Need something to occupy your time while you’re stuck at home social-distancing because of the coronavirus? How about a Twitter thread about the history of Star Wars’ Y-wing fighter-bomber?
That thread about the iconic fictional space-fighter, dozens of tweets long, put French writer Pierre Salard on the proverbial map in the weird little world of people who obsess over pretend spaceships.
But there’s a lot to recommend Salard’s Twitter account, even for people who aren’t giant Y-wing nerds. Salard’s @spaceshipsporn account is a window into science fiction dating back a hundred years. And it’s fascinating even for people who don’t know the difference between the USS Enterprise and the USS Enterprise-A.
Salard is a writer for the French science-fiction magazine Geek le Mag. His Twitter account combines his two jobs. Sci-fi things that fly.
He posts photos and videos of fictional spaceships from video games, T.V. shows, movies and print media.
He peeks behind the scenes of famous movies and shows to reveal just how the crew actually shot their make-believe ships.
He celebrates the writers, directors, concept-artists, model-makers, digital artists and effects-technicians who transform ideas into on-screen ships.
The two-day Y-wing threat that Salard launched on Oct. 20, 2019 does all these things. “It literally took days of research and work,” Salard tweeted.
He begins by summarizing the twin-engine Y-wing’s in-universe history. “Manufactured by Koensayr Manufacturing, the Y-wing is a multi-role starfighter, but mainly a bomber. During its long career ... it has seen many models. We will focus on the best-known.”
The thread then highlights the main models of space-fighter, which most famously played a role in the Rebellion’s desperate attack on the planet-killing Death Star in 1977’s Star Wars.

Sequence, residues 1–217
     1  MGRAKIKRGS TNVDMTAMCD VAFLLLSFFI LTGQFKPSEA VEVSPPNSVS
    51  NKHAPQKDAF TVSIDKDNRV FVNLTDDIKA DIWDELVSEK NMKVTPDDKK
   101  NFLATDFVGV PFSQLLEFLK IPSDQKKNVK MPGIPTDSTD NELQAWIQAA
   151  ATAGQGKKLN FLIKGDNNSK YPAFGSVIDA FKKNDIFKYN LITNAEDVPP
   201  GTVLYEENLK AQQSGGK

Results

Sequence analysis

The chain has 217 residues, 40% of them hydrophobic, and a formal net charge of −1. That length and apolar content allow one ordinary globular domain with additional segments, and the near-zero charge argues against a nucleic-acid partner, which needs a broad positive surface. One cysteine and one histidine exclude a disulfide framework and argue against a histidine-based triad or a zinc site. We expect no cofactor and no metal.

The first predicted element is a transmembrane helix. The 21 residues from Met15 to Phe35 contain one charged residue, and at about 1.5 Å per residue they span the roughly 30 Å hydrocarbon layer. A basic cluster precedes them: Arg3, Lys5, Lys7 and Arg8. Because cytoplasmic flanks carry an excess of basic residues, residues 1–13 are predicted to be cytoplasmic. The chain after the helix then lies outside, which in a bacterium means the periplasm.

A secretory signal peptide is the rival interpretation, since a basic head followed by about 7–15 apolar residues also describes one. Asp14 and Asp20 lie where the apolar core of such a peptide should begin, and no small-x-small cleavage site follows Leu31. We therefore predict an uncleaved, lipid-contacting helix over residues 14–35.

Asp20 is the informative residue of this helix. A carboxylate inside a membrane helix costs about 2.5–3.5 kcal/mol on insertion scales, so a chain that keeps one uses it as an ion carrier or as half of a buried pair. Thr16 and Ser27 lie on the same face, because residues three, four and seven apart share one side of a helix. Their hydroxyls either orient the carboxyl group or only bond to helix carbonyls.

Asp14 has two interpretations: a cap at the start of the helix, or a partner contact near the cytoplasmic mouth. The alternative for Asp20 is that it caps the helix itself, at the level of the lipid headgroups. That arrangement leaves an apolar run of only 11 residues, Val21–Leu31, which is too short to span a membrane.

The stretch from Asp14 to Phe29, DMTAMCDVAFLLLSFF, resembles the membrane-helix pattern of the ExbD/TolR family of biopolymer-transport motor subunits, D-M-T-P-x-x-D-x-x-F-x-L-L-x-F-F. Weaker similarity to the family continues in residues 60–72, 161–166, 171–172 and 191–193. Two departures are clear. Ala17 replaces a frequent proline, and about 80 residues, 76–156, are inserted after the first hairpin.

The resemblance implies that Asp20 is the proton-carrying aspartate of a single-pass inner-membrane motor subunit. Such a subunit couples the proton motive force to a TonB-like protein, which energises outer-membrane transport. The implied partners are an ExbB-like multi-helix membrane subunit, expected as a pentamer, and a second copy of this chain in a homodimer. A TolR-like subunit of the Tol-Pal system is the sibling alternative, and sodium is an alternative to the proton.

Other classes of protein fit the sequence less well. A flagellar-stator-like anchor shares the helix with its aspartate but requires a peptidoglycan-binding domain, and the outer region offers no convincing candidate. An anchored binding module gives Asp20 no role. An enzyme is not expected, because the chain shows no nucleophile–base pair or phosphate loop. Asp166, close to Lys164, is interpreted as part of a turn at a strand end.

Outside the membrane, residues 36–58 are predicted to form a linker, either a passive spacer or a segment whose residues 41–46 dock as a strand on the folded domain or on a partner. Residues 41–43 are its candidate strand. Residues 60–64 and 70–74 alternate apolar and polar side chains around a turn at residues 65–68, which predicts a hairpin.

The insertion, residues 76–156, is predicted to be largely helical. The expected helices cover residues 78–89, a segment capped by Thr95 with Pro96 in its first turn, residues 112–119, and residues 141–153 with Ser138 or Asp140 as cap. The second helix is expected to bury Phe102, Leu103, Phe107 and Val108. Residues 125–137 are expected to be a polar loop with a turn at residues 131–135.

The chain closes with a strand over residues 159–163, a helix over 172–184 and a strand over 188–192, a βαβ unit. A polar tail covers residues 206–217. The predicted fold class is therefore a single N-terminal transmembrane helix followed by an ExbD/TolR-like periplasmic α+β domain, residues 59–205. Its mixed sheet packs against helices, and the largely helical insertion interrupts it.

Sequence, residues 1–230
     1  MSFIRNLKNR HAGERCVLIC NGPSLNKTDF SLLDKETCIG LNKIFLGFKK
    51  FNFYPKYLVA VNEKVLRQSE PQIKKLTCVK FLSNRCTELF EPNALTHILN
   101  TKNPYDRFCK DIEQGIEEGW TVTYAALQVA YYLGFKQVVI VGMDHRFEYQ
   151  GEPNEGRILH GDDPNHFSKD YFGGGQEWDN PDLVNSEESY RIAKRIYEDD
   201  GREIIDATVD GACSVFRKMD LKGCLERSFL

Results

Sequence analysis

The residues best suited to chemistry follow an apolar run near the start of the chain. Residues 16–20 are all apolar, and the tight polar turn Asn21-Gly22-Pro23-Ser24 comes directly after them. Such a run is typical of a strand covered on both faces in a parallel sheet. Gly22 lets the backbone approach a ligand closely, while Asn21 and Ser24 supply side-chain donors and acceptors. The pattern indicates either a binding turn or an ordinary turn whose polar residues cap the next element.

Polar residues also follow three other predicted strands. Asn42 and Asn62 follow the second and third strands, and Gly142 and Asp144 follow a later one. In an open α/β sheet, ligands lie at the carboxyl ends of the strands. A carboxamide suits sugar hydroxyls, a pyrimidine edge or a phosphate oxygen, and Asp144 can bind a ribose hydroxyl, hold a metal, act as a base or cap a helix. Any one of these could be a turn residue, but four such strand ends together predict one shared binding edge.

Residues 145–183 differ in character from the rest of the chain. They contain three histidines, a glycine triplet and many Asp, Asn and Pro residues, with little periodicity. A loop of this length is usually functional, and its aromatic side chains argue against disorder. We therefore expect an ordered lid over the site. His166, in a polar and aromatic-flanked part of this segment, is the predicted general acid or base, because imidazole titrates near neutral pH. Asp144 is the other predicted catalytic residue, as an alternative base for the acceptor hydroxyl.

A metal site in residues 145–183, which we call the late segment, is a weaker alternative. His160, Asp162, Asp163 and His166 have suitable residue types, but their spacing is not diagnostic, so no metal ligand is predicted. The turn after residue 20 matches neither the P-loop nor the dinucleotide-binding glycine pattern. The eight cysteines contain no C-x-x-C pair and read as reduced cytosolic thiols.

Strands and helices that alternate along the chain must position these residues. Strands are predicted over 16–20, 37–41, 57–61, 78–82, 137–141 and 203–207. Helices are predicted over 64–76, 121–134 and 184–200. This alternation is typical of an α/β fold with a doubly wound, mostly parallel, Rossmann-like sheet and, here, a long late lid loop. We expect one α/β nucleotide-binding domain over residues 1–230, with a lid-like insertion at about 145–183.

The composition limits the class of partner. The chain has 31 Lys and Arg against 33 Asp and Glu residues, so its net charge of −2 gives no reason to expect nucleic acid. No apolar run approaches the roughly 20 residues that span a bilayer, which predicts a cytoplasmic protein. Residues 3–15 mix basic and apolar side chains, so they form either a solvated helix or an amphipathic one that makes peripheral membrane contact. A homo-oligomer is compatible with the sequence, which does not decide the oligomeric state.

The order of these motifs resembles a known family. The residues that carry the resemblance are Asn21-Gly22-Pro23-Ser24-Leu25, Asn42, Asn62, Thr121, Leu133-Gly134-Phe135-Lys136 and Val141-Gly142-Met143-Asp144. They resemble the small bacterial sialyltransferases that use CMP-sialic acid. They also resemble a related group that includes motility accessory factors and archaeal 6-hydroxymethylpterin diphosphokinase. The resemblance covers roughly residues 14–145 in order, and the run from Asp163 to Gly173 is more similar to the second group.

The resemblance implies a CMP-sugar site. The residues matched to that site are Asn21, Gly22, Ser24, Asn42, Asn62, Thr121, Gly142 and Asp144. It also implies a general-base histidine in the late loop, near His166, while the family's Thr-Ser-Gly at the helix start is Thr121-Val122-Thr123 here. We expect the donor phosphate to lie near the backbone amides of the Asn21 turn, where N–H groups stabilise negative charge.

There’s the BTL-A4 from Star Wars and Rogue One. The BTL-B two-seater from the The Clone Wars cartoon. The BTL-S3 two-seater from various Star Wars comic books And the latest BTA-NR2 from 2019’s The Rise of Skywalker.
Each fictional fighter has its own rich history, on and off the screen or page. And Salard recounts them all.
It all began in 1974, when a young George Lucas began pre-production on the movie that would become Star Wars. “Lucas knows his movie (then far from the one we know) will need a few starfighters.” With $15,000 from 20th Century Fox, Lucas hires, among others, artists Ralph McQuarrie and Colin Cantwell.
To help McQuarrie and others get started, Lucas sketched some preliminary designs on a legal pad, including the so-called “RF-3 World War II Torpedo Fighter,” which Salard noted would become the Y-wing.
"George wanted the Y-wings to be like a [World War II] Grumman TBF torpedo bomber, which had a gunner in the belly, facing back to cover the tail and on top, then the pilot facing forward,” Cantwell explained. “So the Y-wing could have that kind of interaction between three people on it.”
Cantwell grabbed random parts from off-the-shelf plastic model kits and glued together with a rough concept model with two tube-shaped engines, a long fuselage and three seats for crew.
McQuarrie refined the design on paper, using the initial model as inspiration. In February 1975 McQuarrie completed his paper design and produced a famous painting depicting the Y-wing as the world would come to know it.
Lucas handed off the design to his effects company Industrial Light and Magic. ILM model-maker Joe Johnston, who later in life would become an accomplished movie director in his own right, helped to make the final scale-models for the Y-wings that actually would appear in Star Wars.
Two years later in May 1977, moviegoers all over the world watched as the Y-wings assaulted the Death Star. With disastrous results for the Y-wing crews, of course.
And that’s just one of the hundreds of sci-fi stories Salard has told on his incredible Twitter feed.